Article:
1. Grip: The strongest way to grip the handle for slalom skiing is with the baseball bat grip. Which hand goes up or down is dependent on which foot you have forward. If you're right foot forward, then you want your left palm up and right palm down. The opposite grip applies if you are left foot forward. When you are cutting cross-legged, or toeside out of your offside, you want your grip open. Conversely, when you are cutting open-legged, or heelside out of your good side, you want your grip closed. This will make the wake crossings more balanced and you'll be less likely to get pulled out of position.
2. Skiing Position: The best basic pullout skiing position requires you to start from a relatively tall, neutral stance with your weight centered over your feet. You'll also want your elbows slightly bent and low against your vest. Then, when it's time to pull out, you simply have to sit into that pullout and you will be in a strong position.
3. Acceleration Position: The goal of the acceleration position is twofold. First, you'll want to build speed, and second, you'll want to maintain the angle generated from the turn. The desired result is a low, relatively squatted position with your arms tight against your vest. When you lower your body mass, it puts the ski slightly out in front of you and allows the angle you have generated out of the turn to whip you out to the other side. With your elbows locked against your vest, it lowers the point of connection to the boat, which allows you to maintain your angle once you're on the other side of the wakes.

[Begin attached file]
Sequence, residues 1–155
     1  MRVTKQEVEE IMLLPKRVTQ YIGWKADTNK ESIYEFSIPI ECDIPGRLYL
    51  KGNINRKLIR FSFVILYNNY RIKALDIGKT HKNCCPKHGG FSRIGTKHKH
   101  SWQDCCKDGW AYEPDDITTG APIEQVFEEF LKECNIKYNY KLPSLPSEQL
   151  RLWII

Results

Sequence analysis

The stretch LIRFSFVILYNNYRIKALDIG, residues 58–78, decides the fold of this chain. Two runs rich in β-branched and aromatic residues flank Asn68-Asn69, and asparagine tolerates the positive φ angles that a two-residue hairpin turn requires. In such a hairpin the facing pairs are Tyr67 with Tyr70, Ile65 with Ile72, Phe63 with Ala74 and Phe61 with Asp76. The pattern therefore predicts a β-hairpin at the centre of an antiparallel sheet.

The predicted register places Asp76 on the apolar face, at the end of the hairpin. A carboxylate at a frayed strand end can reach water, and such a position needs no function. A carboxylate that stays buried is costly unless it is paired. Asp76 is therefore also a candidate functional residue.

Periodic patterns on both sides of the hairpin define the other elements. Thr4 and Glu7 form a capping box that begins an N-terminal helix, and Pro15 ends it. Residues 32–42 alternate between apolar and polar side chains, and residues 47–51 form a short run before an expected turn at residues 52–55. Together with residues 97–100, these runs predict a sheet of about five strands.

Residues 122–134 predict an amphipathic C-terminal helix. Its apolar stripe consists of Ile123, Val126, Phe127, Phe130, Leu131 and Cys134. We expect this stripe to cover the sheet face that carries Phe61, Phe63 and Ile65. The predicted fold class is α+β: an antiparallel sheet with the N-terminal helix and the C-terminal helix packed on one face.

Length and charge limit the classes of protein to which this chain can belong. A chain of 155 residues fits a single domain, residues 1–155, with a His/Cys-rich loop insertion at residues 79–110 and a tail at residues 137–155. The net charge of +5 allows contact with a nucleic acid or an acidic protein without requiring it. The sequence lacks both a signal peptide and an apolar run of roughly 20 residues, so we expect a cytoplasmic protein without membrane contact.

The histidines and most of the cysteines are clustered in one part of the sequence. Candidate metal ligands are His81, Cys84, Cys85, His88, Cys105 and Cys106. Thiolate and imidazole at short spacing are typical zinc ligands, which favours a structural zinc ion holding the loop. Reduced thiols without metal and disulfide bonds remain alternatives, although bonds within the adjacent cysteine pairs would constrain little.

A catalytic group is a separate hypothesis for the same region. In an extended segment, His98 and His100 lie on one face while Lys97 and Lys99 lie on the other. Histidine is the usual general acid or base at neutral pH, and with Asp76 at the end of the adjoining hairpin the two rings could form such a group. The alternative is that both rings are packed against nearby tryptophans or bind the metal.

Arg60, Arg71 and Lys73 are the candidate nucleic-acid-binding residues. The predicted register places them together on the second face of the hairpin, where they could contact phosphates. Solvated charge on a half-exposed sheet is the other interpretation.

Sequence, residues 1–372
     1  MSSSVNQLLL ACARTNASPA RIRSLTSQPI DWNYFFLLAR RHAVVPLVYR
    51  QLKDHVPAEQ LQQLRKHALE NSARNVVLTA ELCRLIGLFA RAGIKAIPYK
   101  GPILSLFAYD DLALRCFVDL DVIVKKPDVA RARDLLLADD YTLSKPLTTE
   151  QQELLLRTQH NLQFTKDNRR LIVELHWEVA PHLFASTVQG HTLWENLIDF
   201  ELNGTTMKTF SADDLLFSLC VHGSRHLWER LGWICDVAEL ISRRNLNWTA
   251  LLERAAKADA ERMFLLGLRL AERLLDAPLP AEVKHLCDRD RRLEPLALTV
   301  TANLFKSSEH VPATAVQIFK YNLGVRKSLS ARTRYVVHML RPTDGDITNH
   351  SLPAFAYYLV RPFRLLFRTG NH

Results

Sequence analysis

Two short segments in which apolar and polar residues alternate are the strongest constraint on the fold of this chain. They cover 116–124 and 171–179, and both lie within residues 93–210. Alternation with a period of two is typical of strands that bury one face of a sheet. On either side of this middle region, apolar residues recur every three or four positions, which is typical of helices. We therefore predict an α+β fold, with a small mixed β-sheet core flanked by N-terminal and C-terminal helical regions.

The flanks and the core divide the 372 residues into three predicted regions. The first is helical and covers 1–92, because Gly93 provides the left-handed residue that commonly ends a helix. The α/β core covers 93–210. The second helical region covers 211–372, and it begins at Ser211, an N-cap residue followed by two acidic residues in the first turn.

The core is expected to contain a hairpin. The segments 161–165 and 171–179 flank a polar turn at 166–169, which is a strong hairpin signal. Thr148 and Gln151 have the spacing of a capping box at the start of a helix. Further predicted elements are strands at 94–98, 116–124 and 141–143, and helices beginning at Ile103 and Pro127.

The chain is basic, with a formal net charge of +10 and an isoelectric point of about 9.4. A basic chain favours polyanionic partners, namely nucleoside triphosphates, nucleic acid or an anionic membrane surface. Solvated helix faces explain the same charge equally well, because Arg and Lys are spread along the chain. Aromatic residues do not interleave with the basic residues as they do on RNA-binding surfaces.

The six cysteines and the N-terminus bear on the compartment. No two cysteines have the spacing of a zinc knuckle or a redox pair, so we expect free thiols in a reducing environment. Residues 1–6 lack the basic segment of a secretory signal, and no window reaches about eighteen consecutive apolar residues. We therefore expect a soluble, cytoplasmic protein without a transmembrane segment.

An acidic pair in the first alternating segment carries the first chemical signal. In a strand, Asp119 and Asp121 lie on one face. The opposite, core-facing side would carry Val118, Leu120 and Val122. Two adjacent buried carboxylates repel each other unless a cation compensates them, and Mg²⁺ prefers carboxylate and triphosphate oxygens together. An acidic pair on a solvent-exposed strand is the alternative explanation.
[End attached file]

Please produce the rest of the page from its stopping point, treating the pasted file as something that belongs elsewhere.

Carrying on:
4. Shoulders: I recommend that your shoulders remain open, or facing the boat, through the acceleration phase. However, you'll want them level and facing away from the boat during the turning phase. If your shoulders are closed through the whip from side to side it will cause a load-and-unload effect. This will force you to lose your angle at the end of the swing off the second side of the wake crossing.
5. Reach: The reach should be smooth and toward the ball. If your reach goes toward the boat too much it stops you from carrying your outward direction and position on the side of the boat. The outward direction is what dictates line tension, so the longer you can go out the tighter your rope will be through the turn.
6. Turning Position: In the turn, you want to be tall with your weight neutral over both feet. This tall, neutral position will allow you to completely finish the turn before you start to accelerate. Any movement forward, back or to the inside of the turn will hinder the turn and ultimately cost you angle.
7. Eyes (Where to Look): Your focus should be in the direction you are going. If you are coming into the turn, use your vision for timing and also to stay level. The same rule applies coming into the wakes. If your head, and therefore vision, is not level, everything will feel as if it is happening faster than it is.
8. Rhythm: Slalom skiing is all about rhythm and timing. Start with a consistent width and try to go back and forth across the wakes as many times as you can with a fast pace, attempting to reach the same width on both sides. After you are comfortable with the width you are at, keep moving your turns up wider and wider on the side of the boat.
9. Instruction: It is important to get some professional instruction. This will help you to understand your next steps and you will progress at a much faster pace.
10. Equipment: Have your local pro shop help outfit you with the right equipment. No matter what your level of skiing, there are several choices of skis and many different setups that will help you progress faster. Having the right equipment is the safest and best way to enjoy your time on the water.
To ski with Matt Rini, contact mattrini.com or call 407-832-3674.